Amid great fanfare in June 2017, grocery giant Whole Foods officially broke ground on what would be their first Hudson County outpost. The 32,949-square-foot store, located in Weehawken’s Lincoln Harbor development, was to be branded under the company’s “365” moniker that they created as a more budget-conscious option to their normal stores.
However, Whole Foods threw a bit of a curveball last week when they announced that after two and a half years of testing the 365 concept and opening 12 stores, they’ve decided to leave it behind. Internal emails from CEO John Mackey state that the 365 concept is no longer needed because Amazon’s ownership of Whole Foods has made prices cheaper at their regular markets.
While the company has stated that all 12 of the existing Whole Foods 365 outposts will remain open, they will not be expanding the brand any further than that. Weehawken’s store is in the later phases of construction and not quite finished yet, but that didn’t stop Hoboken-based Gogi Grill from announcing just two months ago that they would be opening a location inside the upcoming Whole Foods 365.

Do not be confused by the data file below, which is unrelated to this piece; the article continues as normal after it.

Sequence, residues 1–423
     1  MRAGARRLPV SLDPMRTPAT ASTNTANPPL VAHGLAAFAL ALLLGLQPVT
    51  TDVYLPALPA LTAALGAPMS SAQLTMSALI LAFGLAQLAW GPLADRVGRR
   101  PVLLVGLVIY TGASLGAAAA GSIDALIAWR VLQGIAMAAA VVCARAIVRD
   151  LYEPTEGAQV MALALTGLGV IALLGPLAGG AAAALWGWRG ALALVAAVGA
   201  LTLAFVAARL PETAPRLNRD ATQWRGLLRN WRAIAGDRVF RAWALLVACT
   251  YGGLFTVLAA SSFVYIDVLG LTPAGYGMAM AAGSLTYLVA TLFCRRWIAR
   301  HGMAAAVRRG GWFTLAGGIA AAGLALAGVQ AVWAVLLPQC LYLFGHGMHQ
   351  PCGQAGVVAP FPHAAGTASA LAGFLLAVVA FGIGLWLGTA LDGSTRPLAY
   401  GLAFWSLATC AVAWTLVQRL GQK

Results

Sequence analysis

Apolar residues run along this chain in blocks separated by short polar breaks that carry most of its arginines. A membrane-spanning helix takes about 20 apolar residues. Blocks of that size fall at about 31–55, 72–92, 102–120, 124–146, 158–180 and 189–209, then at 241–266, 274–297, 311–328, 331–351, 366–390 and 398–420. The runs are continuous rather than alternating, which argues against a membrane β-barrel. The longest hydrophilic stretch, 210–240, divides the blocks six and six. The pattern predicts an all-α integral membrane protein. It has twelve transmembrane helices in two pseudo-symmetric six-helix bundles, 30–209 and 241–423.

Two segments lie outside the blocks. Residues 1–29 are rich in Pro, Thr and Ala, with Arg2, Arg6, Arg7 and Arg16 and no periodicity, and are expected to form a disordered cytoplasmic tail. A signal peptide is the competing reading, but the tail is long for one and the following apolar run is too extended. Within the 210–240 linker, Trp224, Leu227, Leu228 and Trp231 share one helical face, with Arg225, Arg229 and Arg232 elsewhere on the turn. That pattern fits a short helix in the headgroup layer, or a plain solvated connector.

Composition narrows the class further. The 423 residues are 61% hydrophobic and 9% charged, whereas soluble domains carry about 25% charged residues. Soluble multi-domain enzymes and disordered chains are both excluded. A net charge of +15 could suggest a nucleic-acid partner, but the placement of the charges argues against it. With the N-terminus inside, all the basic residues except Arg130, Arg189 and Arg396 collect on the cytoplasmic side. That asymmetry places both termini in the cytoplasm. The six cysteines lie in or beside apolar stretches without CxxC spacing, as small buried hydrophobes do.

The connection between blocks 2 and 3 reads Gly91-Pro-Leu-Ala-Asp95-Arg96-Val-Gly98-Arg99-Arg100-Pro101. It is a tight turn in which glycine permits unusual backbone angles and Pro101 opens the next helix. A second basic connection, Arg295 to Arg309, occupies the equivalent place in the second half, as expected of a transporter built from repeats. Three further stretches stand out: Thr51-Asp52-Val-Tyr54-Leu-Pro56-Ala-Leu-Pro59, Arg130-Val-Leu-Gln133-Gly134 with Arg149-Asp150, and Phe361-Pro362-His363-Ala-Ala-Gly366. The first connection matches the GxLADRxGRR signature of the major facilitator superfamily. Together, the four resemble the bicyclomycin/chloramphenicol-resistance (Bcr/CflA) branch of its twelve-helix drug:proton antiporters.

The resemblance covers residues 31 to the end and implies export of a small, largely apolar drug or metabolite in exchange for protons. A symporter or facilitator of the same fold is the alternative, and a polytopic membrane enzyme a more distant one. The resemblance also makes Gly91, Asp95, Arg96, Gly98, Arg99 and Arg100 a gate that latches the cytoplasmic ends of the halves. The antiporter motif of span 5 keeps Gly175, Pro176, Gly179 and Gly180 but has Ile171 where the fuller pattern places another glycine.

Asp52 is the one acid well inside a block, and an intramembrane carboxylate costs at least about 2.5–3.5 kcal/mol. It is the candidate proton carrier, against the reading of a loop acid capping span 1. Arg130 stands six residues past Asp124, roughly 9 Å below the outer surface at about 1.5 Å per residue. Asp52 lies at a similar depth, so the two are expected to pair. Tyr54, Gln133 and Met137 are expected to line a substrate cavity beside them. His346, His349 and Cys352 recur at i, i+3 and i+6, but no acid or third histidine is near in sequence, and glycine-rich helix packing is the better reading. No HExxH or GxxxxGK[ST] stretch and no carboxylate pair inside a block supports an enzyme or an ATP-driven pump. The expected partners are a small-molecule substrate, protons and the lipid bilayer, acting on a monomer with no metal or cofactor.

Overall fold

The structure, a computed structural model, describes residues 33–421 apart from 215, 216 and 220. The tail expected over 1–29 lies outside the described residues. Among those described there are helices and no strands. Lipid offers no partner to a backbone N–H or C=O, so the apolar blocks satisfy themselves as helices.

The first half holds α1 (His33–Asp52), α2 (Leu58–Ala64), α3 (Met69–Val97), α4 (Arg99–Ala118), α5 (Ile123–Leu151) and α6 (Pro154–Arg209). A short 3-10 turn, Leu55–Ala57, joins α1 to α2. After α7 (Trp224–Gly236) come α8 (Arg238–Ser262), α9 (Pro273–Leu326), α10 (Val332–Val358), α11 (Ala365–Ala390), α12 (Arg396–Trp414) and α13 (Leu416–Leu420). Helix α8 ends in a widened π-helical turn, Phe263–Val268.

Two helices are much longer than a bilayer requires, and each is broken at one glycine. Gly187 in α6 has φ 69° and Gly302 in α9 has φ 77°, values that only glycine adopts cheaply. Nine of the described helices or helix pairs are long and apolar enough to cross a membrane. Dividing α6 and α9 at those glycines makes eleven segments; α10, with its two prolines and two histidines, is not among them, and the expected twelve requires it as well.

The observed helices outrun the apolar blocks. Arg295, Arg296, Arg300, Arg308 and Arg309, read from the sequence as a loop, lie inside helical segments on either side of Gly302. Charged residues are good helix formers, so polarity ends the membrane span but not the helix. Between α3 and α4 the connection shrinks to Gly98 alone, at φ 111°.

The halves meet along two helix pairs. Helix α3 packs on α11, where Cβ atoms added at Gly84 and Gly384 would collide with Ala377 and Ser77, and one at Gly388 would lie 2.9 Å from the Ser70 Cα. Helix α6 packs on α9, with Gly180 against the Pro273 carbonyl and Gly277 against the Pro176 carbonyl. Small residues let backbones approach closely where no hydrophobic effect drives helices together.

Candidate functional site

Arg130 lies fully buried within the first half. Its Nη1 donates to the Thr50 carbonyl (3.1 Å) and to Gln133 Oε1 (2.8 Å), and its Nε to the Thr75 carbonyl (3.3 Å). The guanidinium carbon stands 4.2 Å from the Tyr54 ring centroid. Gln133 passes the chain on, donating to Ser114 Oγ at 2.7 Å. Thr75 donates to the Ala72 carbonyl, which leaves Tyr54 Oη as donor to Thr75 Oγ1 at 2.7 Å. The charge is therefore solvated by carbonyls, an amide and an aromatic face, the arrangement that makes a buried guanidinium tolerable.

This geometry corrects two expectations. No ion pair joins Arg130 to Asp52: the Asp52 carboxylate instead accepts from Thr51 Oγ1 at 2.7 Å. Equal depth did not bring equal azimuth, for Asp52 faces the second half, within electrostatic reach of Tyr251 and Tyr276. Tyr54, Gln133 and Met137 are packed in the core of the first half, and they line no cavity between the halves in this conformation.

So the question remains: Is the market itself still coming to Weehawken? Both Whole Foods and Hartz Mountain have not returned our requests for clarification on the issue, but heartening signs are present at the property, as the grocer’s trademark green and blue signage is currently being hung.
Work is still humming along at the development and while no actual logo or text bearing the Whole Foods name has gone up on the building yet, a map in the property’s parking component does list Whole Foods 365 as occupying the space. So despite some concerns over the company’s decision to kill their 365 stores, it appears they are indeed still coming to Weehawken.
The continued work to get Whole Foods up and running is a welcome sign, as the area has been burned by the brand before. A 2016 deal to bring a Whole Foods to a portion of the Metropolis Towers development in Downtown Jersey City fell apart about a year after it was announced, a fate Weehawken is certainly looking to avoid. Hartz Mountain’s website still lists the market as scheduled to open in spring 2019.